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The mission of Newton Community Farm is to nurture a community that teaches and models sustainable agricultural and environmental practices on the historic Angino Farm. Our vision is to preserve the cultural and historical landscape of Angino Farm as a uniquely beautiful open space with sustainable farming at the center of its activities. The Newton community has the opportunity to appreciate the beauty of the farm landscape, purchase produce from the farm, and participate in farm events and educational programs. These interactions bring residents into a more intimate connection with the environment and demonstrate the benefits of local food production. Environmentally sound renovation of the barn and other structures will create an attractive home for education and celebrations. The governing board, informed by close connections within the Newton community, will guide and participate in farm activities, and lead fundraising efforts to ensure the organization's fiscal health.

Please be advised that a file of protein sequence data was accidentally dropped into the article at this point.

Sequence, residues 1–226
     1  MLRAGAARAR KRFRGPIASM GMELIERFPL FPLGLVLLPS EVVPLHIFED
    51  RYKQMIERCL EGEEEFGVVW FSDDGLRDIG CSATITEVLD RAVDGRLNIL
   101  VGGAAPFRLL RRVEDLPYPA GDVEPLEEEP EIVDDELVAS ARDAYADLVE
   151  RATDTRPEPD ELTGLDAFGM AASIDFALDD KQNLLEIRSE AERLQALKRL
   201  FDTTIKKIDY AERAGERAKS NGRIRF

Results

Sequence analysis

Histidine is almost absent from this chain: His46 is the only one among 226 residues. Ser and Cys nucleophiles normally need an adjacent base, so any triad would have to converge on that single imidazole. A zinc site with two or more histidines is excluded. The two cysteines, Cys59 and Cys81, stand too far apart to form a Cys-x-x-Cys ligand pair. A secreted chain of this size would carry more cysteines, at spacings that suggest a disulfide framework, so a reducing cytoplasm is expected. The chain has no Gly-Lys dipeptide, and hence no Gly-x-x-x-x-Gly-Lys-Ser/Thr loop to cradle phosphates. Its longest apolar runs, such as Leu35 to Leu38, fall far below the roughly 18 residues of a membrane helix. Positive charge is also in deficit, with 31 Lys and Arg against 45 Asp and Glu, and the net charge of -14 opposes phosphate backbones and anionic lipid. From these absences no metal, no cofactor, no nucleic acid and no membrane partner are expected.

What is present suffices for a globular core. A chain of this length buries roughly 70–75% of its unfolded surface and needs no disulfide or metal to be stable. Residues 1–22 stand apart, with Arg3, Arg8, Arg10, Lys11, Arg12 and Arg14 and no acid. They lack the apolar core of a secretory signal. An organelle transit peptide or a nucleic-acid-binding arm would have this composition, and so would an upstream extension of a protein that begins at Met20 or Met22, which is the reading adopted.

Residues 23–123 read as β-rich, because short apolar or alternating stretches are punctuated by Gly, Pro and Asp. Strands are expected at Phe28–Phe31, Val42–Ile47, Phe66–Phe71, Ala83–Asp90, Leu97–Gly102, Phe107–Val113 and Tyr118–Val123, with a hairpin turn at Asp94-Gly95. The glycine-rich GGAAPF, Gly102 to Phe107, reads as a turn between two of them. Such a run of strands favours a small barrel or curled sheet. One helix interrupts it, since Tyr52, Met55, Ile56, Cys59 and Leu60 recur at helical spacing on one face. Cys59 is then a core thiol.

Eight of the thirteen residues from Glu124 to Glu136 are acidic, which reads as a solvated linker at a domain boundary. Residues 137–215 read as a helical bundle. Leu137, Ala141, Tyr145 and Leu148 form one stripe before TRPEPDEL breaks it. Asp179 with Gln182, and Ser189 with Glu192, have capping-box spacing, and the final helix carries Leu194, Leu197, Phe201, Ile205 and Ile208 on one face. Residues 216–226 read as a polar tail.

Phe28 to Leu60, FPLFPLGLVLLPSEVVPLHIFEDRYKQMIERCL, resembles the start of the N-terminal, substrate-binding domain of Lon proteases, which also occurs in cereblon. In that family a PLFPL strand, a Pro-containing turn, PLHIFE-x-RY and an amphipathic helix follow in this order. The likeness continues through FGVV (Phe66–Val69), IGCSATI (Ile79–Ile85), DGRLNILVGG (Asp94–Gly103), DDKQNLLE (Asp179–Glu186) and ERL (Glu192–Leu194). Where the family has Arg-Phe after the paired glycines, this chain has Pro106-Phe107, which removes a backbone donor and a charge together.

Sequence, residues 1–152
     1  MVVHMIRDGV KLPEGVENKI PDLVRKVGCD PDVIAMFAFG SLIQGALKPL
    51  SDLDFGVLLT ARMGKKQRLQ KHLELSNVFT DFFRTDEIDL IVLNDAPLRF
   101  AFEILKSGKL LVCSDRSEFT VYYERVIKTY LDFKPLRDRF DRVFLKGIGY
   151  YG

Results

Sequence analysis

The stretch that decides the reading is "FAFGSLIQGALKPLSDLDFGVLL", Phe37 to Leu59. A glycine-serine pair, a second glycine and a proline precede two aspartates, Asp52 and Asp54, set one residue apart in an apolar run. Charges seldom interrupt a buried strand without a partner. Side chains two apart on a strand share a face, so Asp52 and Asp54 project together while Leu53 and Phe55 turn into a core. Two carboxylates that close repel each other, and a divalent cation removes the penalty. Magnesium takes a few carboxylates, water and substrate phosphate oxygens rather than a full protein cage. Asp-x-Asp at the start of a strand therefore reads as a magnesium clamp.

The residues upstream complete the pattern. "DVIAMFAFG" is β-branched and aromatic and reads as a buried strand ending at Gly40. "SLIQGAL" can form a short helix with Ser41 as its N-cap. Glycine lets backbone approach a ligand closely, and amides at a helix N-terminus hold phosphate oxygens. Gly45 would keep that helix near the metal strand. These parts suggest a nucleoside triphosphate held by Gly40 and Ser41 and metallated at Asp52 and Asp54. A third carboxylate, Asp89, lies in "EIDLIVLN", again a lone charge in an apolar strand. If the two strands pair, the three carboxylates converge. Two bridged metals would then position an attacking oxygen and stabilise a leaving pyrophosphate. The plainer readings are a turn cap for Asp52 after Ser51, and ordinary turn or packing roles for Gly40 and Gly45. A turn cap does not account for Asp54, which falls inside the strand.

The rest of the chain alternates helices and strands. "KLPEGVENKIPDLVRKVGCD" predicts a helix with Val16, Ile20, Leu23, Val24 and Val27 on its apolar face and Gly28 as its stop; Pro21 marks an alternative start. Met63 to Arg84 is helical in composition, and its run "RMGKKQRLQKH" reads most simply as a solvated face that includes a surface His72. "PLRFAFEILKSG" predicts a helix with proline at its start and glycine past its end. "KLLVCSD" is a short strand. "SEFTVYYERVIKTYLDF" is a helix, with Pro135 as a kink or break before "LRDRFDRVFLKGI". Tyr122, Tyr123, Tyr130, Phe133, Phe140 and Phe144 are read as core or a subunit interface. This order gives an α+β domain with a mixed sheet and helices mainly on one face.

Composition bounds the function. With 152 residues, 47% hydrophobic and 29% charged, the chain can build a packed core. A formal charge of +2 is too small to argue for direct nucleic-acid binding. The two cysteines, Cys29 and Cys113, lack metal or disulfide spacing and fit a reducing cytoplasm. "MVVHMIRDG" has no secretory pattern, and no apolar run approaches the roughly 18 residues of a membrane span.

The 2.25-acre Newton Angino Community Farm, located at the corner of Winchester and Nahanton Streets, was farmed using traditional organic methods for 300 years. The brick exterior of the house, the contents of the barn, the outbuildings and structures, and the fertile soil of the farm reflect the stewardship of the Italian-American Angino family from 1917 to 2005. Jerry Angino, an educator and mentor for many of Newton's youth during his career as Newton's first guidance counselor, established the farm as a place for learning.
Newton residents persuaded the city to save the last working farm in Newton as a community resource instead of letting the site be developed. In 2005 the City of Newton purchased the Angino Farm and selected Newton Community Farm, Inc. (NCF), a nonprofit organization, to operate and manage the farm with oversight by the Newton Farm Commission.
In the spring of 2006, NCF hired Greg Maslowe, our first farm manager, to grow a variety of vegetables, fruits and herbs using sustainable methods that emphasize long-term soil health -- including minimal tillage, green manures, and compost -- for the benefit of Newton citizens. NCF does not use synthetic fertilizers. While the farm is not certified organic, Greg does not use herbicides and he avoids the use of pesticides by using sustainable agricultural methods. The biointensive and permaculture beds, and the distribution of produce through Community Supported Agriculture (CSA) and farmers' markets, represent the cutting edge of sustainable, locally based modern agriculture
- Sarah Kauffman
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